Visit our website to learn more and sign up to be part of this unique opportunity!

Research & Technology, Information and Communication Technology

AI: System spots lung cancer before radiologists

Deep learning - a form of artificial intelligence - was able to detect malignant lung nodules on low-dose chest computed tomography (LDCT) scans with a performance meeting or exceeding that of expert radiologists, reports a new study from Google and Northwestern Medicine.
read more
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Research & Technology, Information and Communication Technology

App: Asthma tracking for children

An app that allows parents and doctors to monitor a child's asthma has a big impact on managing the disease. When families monitored symptoms with eAsthma Tracker and adjusted care accordingly, children had better asthma control and made fewer visits to the emergency department.
read more
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Research & Technology, Information and Communication Technology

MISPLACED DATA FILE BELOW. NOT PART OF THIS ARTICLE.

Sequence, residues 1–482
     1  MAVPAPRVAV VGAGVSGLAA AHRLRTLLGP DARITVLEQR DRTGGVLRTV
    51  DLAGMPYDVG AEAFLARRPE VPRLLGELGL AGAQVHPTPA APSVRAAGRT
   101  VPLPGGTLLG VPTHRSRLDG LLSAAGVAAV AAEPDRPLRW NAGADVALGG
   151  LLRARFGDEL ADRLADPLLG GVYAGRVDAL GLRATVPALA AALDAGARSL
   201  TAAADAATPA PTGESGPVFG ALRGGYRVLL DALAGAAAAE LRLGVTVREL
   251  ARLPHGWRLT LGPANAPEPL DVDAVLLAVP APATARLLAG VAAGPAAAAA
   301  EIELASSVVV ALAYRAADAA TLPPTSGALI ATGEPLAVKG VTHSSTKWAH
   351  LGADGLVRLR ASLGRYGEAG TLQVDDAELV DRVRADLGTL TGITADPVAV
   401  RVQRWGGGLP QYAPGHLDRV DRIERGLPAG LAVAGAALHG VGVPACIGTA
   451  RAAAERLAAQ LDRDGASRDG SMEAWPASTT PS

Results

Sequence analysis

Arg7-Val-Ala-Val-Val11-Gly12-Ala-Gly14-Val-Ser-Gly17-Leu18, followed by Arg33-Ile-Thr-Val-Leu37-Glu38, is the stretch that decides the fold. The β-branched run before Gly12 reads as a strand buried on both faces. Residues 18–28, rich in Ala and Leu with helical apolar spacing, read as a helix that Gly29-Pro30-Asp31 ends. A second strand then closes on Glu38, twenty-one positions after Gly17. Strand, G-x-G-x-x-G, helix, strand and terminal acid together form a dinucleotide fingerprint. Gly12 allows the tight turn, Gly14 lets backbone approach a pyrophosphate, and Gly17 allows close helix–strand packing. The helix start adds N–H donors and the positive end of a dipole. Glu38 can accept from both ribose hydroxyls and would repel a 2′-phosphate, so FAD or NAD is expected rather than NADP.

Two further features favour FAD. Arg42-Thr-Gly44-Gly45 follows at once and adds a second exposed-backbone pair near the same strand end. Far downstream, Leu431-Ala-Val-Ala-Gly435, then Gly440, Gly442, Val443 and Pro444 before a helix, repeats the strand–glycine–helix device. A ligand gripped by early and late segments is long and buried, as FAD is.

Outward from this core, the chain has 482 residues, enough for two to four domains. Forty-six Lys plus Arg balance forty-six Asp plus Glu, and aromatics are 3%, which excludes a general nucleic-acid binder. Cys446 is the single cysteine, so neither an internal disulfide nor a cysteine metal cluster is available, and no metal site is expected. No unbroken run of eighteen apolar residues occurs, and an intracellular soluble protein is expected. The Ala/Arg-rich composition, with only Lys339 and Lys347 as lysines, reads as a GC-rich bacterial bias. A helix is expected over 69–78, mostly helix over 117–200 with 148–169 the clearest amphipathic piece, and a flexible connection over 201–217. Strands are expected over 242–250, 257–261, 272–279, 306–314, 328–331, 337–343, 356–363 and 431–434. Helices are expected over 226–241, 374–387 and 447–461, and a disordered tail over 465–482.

Assistance systems: AI radio for people with dementia

Radio Me will address key causes of hospital admission for people with dementia, such as agitation and not taking medication correctly. As a result, it is hoped quality of life will improve, and people will be able to remain living independently at home for longer.
read more
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Multi-organ chips: Drug research without animal testing at vasQlab

Video

Image: Preview image of the video
New active substances that are suitable for drugs are initially tested in animal experiments. However, the results cannot always be transferred to the human organism. At the Karlsruhe Institute of Technology, Prof. Ute Schepers from vasQlab explains how active substances can be tested in human tissue without endangering human health.
Watch the video here!
Multi-organ chips: Drug research without animal testing at vasQlab
More videos in our MediaCenter